The binary representation of data and instructions formulates conventional computing in which a register element r stores a bit b that may take on a value of either b0 or b1. Quantum computing also requires a physical register r but now the register may take the value of a quantum bit, or qubit, q. Conceptually, the qubit is defined as a normalized superposition over the exclusive outcomes b0 and b1. This hypothesis leads to a diagrammatic representation for the possible values of a qubit given as the surface of the unit sphere. Whereas the opposing north and south poles of the sphere represent the classical bit values of b0 = 0 and b1 = 1, every point on the surface corresponds to a possible qubit (q) value.

The superposition principle extends to more than a single quantum register element. Quantum mechanics permits multiple register elements to store superpositions collectively over multiple binary values. This phenomenon is known as entanglement. Quantum entanglement represents a form of information that conventional bits cannot reproduce. While the register elements remain independently addressable, the information they store is coupled and hence not expressed or represented piecewise. For example, two entangled registers may either both be in the b0 state and in the b1 state, but exclude any possibility of anti-correlated values.

The principles of superposition and entanglement lead to an important conceptual difference in the interpretation of register value. Although the qubit maps to a point on the unit sphere, observing the qubit through measurement results in a projection to either b0 or b1 values. This transition from a qubit to a bit is the infamous ‘collapse’ of the quantum state induced by measurement. The implication is that the value q itself is not observable. Instead, interpret the qubit superposition state, q in terms of the probability to observe either b0 to b1. The probabilities p0 and p1 provide the likelihood that the observed outcome will be b0 and b1, respectively.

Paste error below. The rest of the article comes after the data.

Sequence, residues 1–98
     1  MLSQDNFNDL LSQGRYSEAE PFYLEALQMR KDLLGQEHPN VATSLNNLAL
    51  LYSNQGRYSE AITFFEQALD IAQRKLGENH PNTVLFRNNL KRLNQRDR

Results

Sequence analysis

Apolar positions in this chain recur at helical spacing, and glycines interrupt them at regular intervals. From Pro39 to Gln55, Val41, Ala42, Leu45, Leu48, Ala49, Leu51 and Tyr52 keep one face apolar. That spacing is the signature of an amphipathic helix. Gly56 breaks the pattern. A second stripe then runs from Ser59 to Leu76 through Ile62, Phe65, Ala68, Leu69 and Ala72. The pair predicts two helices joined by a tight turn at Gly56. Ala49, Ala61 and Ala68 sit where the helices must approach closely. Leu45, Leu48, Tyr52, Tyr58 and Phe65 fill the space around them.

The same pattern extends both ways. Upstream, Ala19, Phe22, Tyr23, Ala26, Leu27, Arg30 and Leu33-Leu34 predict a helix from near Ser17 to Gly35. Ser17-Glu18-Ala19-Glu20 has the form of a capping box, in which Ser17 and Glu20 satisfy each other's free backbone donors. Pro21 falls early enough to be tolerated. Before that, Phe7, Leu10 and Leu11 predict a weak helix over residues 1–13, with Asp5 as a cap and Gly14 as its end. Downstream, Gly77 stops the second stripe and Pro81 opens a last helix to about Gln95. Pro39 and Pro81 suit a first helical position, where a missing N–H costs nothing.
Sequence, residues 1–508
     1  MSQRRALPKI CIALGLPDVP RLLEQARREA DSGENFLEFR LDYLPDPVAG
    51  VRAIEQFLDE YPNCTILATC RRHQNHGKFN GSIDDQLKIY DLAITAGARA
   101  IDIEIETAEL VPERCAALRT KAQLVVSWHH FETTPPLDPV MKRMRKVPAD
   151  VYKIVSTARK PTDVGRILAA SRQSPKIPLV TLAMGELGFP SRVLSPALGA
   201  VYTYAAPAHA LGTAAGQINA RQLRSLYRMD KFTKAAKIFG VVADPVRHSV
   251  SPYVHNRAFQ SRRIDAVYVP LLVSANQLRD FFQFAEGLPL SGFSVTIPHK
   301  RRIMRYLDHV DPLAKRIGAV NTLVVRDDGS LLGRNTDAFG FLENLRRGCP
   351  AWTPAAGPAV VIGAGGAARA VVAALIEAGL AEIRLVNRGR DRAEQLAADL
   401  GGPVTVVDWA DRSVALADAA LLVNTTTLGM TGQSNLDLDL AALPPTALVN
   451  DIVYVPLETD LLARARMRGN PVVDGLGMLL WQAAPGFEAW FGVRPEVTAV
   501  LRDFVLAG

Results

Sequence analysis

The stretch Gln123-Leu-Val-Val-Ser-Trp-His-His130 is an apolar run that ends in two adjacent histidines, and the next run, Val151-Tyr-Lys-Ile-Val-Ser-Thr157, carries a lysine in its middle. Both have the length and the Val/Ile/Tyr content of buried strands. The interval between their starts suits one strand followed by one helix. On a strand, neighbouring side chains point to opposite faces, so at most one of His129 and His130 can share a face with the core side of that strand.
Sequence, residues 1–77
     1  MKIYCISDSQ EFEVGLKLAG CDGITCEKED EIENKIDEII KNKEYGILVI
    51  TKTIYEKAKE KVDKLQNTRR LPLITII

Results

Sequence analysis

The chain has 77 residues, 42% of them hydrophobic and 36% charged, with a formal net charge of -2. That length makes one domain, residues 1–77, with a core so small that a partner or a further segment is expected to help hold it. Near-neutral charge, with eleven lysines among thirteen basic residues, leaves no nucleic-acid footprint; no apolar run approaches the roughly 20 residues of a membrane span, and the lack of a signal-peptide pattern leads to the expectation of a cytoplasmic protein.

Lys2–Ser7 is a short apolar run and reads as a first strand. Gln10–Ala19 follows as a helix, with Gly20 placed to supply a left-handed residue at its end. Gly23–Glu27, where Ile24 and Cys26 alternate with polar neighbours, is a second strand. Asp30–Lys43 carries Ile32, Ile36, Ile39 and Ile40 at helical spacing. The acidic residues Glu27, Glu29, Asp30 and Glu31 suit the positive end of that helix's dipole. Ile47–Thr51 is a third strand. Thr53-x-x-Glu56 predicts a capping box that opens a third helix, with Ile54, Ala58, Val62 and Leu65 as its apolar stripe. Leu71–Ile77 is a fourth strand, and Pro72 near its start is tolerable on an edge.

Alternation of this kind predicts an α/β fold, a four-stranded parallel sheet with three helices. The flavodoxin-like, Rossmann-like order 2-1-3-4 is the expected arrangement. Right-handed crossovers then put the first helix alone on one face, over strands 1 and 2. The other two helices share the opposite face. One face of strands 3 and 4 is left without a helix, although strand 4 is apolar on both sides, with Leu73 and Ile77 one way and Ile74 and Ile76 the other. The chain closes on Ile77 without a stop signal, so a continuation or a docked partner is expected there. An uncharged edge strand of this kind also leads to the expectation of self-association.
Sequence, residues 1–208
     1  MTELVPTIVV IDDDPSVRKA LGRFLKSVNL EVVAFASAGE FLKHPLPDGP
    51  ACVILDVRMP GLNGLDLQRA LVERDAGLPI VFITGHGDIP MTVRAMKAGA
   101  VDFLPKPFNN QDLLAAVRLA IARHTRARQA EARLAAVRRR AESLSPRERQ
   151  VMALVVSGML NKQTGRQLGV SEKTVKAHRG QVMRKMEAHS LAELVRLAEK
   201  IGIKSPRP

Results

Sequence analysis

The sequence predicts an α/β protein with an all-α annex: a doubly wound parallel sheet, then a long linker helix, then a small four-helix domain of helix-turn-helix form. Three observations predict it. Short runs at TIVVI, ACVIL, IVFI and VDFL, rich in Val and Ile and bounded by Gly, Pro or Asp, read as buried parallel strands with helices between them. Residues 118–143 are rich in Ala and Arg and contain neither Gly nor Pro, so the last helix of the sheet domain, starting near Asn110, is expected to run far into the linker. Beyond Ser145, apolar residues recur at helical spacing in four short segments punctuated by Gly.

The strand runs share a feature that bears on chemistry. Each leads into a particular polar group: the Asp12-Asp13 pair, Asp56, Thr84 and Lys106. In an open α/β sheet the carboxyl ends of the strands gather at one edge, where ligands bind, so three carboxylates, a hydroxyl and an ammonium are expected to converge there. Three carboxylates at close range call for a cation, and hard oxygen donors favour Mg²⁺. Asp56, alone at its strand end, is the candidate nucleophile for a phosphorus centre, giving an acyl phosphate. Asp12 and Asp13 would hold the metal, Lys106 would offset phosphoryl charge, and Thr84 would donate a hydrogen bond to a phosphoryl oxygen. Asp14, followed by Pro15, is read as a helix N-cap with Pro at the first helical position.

Classical computers use electrical signals that are either on or off to convey information as bits, the smallest unit of data on a computer, represented as two binary values, zero (when ‘off’) or one (when ‘on’). Zeros and ones are strung together to form binary codes for text and other data on classical computers. Quantum computers use quantum systems, such as electrons or photons, to represent quantum bits or qubits that can be in a state of 0 or 1, or an arbitrary superposition of them, for example, an equal combination of both. Entanglement occurs when there is a non-separable joint state of multiple qubits in superposition. For example, two distant parties could share a state where both qubits are in a superposition of 0 and 1, but such that they are perfectly correlated — a superposition of both sides having 0 or both sides having 1. Balanced superpositions of this form are known as Bell pairs. Superposition and entanglement are the defining features that distinguish quantum information from classical information. In addition to enabling quantum state teleportation over quantum networks, they underpin the exponential algorithmic power of quantum computers.

Testing these intriguing principles of quantum information depends on the ability to manipulate individual atoms, molecules, electrons, and photons. Building quantum computers is challenging because nature cannot easily discern an ideal qubit. Technology-based on advanced material physics coupled with a great deal of engineering will plausibly isolate this kind of system and yet control them to perform computations with sufficient precision. Numerous different candidate systems are being explored including low-power superconducting circuits, electromagnetically trapped ions, single-atom dopants in silicon lattices, neutral atoms in optical lattices, and vacancy defects in diamond and silicon carbide as well as many, many others.